Transitional Animation By Diana Weynand, James Alguire and RevUpTansmedia Final Cut Pro X provides a number of interesting ways to animate video elements in the Viewer and Timeline to provide complex visual effects. But do you know how to create quick and simple animations just by using transitions? The beauty of this technique is its simplicity. No complex motion paths to adjust, no messing about with untold keyframes, just add a transition and set the timing and you're off to the next project. ...Read More »
Render the Fat in Final Cut Pro X By Diana Weynand, James Alguire and RevUpTansmedia Render files are the video files that Final Cut Pro creates when you make adjustments to your video clips. Add a filter or transition, crop the image change the clip's speed, and Final Cut Pro has to create brand new video files using your original media and applying the changes. When the video is played in the project timeline, the render files are played in place of the original video clips, where you have added effects. But what do you do if the render files become corrupt? Or when projects are completed and you want to back them up without the render files? ...Read More »
Command and Conquer Your Keyboard Commands By Diana Weynand, James Alguire and RevUpTansmedia Final Cut Pro has provided keyboard shortcuts for the vast majority of its functions, but there have always been a few features or functions where it made sense to have a keyboard shortcut, but none was pre-built and ready to use. In legacy versions of Final Cut Pro you could add, remove or modify keyboard shortcuts by using the Keyboard Layout tools. In Final Cut Pro X you use the Commands feature to add, remove, modify, and otherwise manage changes to keyboard shortcuts. In this tutorial you'll learn how to add new shortcuts for functions that don't have them, how to create new Command Sets, and how to export and import command sets to access these shortcuts across multiple editing stations. ...Read More »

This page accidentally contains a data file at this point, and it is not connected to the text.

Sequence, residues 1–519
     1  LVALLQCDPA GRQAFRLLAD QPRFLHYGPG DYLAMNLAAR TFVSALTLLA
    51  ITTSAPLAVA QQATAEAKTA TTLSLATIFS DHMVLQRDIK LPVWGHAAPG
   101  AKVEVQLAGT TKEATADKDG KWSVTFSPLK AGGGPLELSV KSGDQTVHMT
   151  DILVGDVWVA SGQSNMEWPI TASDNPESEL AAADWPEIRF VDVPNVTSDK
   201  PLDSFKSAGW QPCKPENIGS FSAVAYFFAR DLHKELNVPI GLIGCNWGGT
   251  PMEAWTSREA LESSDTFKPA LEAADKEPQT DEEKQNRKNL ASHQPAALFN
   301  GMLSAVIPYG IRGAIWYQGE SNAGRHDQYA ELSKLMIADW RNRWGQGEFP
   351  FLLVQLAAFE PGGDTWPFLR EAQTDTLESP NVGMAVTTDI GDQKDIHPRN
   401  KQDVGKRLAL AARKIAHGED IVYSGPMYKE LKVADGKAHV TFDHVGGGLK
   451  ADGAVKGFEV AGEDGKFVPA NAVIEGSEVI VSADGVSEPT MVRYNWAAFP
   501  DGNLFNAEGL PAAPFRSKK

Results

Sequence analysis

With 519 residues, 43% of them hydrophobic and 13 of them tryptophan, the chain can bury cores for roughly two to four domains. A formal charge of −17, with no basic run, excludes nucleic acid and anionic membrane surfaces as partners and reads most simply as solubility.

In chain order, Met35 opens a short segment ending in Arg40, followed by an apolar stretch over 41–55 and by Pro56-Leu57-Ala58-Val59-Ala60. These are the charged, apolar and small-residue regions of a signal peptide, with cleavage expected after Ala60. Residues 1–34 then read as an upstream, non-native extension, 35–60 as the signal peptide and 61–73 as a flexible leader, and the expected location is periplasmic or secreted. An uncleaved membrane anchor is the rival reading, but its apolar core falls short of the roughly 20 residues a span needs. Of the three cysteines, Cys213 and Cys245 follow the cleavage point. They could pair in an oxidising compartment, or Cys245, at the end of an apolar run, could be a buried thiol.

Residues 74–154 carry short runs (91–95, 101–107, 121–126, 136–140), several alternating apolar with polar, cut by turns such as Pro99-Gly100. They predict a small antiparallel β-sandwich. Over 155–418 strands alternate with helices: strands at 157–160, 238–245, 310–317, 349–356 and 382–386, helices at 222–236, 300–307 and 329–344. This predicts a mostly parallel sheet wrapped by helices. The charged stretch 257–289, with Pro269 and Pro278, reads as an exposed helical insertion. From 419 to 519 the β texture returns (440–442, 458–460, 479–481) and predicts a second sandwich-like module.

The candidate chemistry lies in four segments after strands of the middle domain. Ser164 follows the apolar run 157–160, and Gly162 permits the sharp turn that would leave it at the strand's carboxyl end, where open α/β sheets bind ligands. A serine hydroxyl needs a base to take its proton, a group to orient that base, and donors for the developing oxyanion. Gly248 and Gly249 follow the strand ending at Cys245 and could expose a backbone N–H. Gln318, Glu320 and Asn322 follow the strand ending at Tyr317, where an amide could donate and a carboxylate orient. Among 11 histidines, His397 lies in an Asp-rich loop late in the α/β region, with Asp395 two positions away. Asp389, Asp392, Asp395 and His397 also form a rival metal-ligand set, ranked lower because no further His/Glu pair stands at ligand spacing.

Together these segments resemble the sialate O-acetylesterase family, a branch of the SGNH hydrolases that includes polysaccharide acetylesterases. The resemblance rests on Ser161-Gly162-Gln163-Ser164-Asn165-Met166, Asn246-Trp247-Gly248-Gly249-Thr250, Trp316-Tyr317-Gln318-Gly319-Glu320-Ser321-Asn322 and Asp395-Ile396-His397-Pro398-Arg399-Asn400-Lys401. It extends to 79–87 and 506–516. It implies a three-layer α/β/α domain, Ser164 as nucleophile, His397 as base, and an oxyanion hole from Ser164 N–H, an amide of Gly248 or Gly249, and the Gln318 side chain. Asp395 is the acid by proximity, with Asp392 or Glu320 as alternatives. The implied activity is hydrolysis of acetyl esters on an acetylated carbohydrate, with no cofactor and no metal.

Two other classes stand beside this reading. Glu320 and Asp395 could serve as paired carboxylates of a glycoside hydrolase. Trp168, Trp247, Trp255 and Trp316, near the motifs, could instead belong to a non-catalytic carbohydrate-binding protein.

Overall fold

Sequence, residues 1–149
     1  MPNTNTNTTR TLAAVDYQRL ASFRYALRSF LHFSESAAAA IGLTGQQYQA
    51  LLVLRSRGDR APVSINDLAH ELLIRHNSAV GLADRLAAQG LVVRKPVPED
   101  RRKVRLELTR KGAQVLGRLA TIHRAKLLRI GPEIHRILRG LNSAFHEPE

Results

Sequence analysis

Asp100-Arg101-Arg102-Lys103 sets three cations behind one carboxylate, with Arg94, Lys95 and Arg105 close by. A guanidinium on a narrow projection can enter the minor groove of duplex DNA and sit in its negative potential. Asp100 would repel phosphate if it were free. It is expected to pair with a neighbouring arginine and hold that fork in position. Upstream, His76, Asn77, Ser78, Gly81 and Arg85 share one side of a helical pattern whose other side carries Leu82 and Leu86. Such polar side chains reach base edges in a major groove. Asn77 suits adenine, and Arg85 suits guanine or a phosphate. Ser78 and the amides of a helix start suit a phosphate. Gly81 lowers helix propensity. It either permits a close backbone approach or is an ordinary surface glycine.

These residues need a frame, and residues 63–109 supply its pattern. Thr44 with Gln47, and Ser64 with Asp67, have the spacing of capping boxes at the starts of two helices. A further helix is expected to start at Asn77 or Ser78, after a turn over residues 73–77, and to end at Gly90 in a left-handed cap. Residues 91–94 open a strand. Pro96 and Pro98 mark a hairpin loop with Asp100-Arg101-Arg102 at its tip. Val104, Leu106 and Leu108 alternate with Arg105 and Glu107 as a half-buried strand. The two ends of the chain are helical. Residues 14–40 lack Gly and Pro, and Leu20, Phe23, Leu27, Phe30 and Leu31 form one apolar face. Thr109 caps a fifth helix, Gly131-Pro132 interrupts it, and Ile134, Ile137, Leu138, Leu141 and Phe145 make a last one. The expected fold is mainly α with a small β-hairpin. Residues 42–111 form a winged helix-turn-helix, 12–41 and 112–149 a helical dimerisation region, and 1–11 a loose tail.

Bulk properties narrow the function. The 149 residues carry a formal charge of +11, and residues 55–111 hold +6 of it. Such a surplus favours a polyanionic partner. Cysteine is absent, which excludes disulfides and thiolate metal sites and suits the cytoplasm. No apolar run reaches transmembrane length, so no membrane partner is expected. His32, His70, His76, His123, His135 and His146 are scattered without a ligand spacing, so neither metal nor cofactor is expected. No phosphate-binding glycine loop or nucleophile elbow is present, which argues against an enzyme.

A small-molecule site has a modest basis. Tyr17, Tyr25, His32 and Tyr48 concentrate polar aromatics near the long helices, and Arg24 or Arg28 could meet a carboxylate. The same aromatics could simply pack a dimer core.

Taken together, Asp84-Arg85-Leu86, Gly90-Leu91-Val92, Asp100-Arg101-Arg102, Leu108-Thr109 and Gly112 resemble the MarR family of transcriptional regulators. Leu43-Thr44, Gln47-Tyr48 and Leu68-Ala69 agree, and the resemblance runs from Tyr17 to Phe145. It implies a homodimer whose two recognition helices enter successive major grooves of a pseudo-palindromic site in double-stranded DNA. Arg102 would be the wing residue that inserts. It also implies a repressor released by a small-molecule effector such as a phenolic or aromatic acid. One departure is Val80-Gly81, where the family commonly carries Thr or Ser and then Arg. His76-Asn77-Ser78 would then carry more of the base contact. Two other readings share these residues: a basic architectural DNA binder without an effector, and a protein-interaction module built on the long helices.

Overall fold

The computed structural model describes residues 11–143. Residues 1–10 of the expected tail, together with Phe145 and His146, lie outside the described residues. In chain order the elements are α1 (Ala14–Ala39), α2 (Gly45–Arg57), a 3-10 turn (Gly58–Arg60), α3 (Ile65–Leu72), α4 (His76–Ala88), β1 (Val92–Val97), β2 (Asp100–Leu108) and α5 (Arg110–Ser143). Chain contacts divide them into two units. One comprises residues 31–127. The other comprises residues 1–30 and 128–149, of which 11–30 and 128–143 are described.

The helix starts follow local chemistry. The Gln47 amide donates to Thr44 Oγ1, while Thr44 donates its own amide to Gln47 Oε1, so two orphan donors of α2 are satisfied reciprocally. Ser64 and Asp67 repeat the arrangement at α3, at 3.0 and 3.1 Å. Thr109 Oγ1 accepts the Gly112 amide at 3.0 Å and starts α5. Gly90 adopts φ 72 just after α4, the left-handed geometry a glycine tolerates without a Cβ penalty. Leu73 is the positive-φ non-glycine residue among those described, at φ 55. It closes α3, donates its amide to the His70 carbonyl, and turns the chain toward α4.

Reconnecting with Lost Video by Relinking By Diana Weynand, James Alguire and RevUpTansmedia Final Cut Pro X manages all of your media files by grouping them in various Events that you create. This makes it more difficult, but not impossible, for media files to go missing. Events can be moved, deleted or renamed, and Apple recommends that you do these operations from within Final Cut Pro itself so that FCPX can always properly keep track of the media files. But there will be times when you move, delete, or rename files directly in the Finder, and that could prevent FCPX from properly referencing the media files. ...Read More »